• Google Embraces New Kubernetes Application Standard
    Once an organization has a Kubernetes container orchestration cluster running, the next challenge is to get applications running. Google is now aiming to make it easier for organizations to deploy Kubernetes applications, through the Google Cloud Platform Marketplace. The new marketplace offerings bring commercial Kubernetes-enabled applications that can be run in the Google cloud, or anywhere else an organization wants. All a user needs to do is visit the GCP marketplace and click the Purchase Plan button to get started. "Once they agree to the terms, they'll find instructions on how to deploy this application on the Kubernetes cluster of their choice, running in GCP or another cloud, or even on-prem," Anil DhawanProduct Manager, Google Cloud Platform, told ServerWatch. "The applications report metering information to Google for billing purposes so end users can get one single bill for their application usage, regardless of where it is deployed."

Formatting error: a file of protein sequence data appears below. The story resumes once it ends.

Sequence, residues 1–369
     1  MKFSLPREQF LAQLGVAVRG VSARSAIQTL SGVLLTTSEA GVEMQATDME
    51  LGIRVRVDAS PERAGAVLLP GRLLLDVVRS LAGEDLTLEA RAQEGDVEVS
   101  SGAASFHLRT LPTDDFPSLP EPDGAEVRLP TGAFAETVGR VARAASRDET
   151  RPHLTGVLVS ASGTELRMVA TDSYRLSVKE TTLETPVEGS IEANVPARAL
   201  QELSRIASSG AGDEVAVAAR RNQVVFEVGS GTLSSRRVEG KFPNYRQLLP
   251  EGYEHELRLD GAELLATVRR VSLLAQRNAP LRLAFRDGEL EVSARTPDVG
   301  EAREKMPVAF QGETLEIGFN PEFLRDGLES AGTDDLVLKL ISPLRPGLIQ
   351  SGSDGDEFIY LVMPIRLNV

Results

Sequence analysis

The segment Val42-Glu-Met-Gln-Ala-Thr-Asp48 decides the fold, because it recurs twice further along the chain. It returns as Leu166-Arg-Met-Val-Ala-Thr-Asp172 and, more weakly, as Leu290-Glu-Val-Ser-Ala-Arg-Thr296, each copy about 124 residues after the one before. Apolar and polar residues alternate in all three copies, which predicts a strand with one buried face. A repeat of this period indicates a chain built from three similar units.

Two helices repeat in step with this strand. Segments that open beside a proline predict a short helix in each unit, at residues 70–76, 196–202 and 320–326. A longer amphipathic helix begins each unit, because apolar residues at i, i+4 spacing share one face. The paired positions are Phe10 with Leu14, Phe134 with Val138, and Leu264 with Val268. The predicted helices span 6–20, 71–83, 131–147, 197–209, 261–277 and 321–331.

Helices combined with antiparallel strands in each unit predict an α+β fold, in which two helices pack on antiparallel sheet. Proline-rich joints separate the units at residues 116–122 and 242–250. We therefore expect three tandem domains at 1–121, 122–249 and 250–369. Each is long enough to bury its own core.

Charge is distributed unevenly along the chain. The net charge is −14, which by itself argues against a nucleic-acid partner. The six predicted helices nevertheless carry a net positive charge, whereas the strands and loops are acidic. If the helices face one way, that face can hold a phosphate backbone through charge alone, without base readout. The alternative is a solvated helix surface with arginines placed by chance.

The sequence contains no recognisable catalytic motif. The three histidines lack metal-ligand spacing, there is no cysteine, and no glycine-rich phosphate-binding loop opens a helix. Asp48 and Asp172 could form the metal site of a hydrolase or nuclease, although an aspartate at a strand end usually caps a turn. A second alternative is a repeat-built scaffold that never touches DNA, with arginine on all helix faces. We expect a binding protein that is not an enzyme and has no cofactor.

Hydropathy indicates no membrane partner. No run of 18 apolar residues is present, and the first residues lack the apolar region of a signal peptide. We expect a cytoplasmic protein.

• Challenges and Requirements for Container-Based Applications and Application Services
    Enterprises using container-based applications require a scalable, battle-tested, and robust services fabric to deploy business-critical workloads in production environments. Services such as traffic management (load balancing within a cluster and across clusters/regions), service discovery, monitoring/analytics, and security are a critical component of an application deployment framework. This blog post provides an overview of the challenges and requirements for such application services.

Software: Music Tagger MusicBrainz, Pulseaudio, COPR, AV1

  • Music Tagger MusicBrainz Picard 2.0 Ported To Python 3 And PyQt5, Brings Improved UI And More